01 Sep How To Optimise Your Marketing Spend
Optimising your marketing spend without sacrificing your performance
As we’re all aware, the current macroeconomic situation has ensured that everything has increased in cost, and marketing is no different. As we head into the last quarter of the year, a lot of organisations will now be looking for opportunities to cut spending – and sadly, marketing is almost always one of the first to go.
We’ll always be the first to shout about how important it is to reinvest in marketing during a period of recession (and if you don’t want to just take our word for it, check out why Harvard Business Review thinks the same). However, we know that not every brand or organisation will be able to. So, instead, we’re looking at the ways to approach your marketing spend in a recession (or in any event of cost saving!)
There are plenty of ways to reduce your marketing spend or, rather, maintain your existing return on investment by optimising your existing marketing activity.
Establish the existing and aspirational campaign performance and/or return on investment
It’s worth having an aspirational ROI to determine what you are hoping the outcome of your campaign will be vs what you are willing to put upfront cost-wise.
Now ROI is tricky, if you are in a competitive industry then you may find your digital campaign (as an example) costs on average more per click than a different industry. If your target is to have 100 clicks through from an advert, you may achieve this but it will cost £1000. However the clicks may convert to the sale of one £1000 piece of machinery, as it’s a highly-targeted, very specific advert, so it depends on what you are wanting the outcome to be. It’s also worth considering that if you are getting the numbers you want, then it’s time for the next part of the campaign, whereby you look at ways to reduce the cost per click.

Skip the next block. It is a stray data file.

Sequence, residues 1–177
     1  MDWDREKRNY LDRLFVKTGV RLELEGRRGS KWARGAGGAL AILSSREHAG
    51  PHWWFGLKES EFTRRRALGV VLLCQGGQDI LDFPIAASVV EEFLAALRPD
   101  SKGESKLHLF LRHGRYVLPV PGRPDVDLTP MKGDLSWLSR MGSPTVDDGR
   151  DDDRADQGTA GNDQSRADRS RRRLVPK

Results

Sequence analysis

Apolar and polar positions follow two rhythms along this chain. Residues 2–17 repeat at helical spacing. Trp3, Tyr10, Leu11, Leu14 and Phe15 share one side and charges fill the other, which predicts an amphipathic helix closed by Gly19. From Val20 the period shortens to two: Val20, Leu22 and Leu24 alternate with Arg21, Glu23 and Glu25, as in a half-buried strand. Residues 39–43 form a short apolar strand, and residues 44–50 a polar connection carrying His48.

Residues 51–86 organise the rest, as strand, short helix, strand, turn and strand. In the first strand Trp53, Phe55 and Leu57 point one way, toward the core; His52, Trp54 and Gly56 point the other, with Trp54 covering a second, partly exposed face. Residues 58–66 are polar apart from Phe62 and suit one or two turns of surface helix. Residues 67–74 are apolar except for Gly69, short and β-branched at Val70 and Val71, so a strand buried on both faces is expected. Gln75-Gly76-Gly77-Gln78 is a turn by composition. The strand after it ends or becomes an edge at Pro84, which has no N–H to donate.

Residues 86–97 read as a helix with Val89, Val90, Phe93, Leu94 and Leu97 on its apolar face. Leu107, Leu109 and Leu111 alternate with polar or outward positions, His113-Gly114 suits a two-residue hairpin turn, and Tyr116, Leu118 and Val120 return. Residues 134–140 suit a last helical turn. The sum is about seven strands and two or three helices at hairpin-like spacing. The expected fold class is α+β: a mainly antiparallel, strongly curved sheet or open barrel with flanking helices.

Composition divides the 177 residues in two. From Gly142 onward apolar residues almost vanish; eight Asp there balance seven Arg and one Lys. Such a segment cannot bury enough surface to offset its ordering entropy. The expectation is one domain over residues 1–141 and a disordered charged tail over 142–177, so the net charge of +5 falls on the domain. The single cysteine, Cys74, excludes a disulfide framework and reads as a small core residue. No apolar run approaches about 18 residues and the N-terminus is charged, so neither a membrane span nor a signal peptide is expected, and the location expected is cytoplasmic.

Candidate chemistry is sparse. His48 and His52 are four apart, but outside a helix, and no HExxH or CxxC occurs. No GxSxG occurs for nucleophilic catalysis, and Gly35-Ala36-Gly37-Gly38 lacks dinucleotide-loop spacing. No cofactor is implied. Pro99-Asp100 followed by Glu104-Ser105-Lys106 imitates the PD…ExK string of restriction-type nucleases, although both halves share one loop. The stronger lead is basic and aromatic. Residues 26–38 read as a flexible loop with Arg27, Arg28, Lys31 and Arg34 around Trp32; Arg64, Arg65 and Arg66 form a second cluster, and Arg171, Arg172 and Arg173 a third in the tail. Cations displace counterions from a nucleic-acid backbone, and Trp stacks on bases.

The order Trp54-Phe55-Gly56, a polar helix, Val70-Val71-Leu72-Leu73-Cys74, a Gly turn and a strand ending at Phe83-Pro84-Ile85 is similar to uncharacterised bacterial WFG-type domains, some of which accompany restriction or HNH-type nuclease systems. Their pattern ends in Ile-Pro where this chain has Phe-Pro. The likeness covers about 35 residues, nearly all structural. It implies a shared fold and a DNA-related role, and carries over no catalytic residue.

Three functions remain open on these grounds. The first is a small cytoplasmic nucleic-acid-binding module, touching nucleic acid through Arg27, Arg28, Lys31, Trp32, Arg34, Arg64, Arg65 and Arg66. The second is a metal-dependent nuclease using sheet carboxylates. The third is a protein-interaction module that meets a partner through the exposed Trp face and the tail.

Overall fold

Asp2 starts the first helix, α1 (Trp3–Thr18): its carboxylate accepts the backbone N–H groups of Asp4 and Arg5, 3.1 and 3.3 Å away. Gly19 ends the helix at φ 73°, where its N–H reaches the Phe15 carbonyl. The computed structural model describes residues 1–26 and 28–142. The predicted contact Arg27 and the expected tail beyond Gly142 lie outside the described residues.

Plus, campaigns aren’t always about ROI, sometimes changing the consumers’ perspective of a product or perception of a brand is just as important and these things don’t necessarily translate directly to sales. Social Media for example is a great example of a format that can be used as a brand awareness tool but doesn’t translate to a sale as much as PPC does for example.
Review your existing costs
In the first instance, review how much you can spend as a business. No matter whether you use multiple channels or primarily focus on one single channel, you should review how much budget you’re currently committing to it, and what you can afford to spend going forward. If you’re unsure of how much to allocate, it might be helpful to take a look at our previous blog which covers a breakdown of marketing spend per sector.
If it has been a while since you did a full marketing audit, now is the time. Evaluate all of your channels and ensure they are still working as expected. It’s usually at this stage that a lot of brands who aren’t willing to cease all activity will look for an opportunity to reduce the spend in one area, whether that be through changing the format or specifications (if you were reviewing an offline channel, for example), or reducing spend allocated to the online platforms that are utilised primarily for brand awareness not sales. Your marketing audit will help decide which channels need some attention or can be paused in the interim.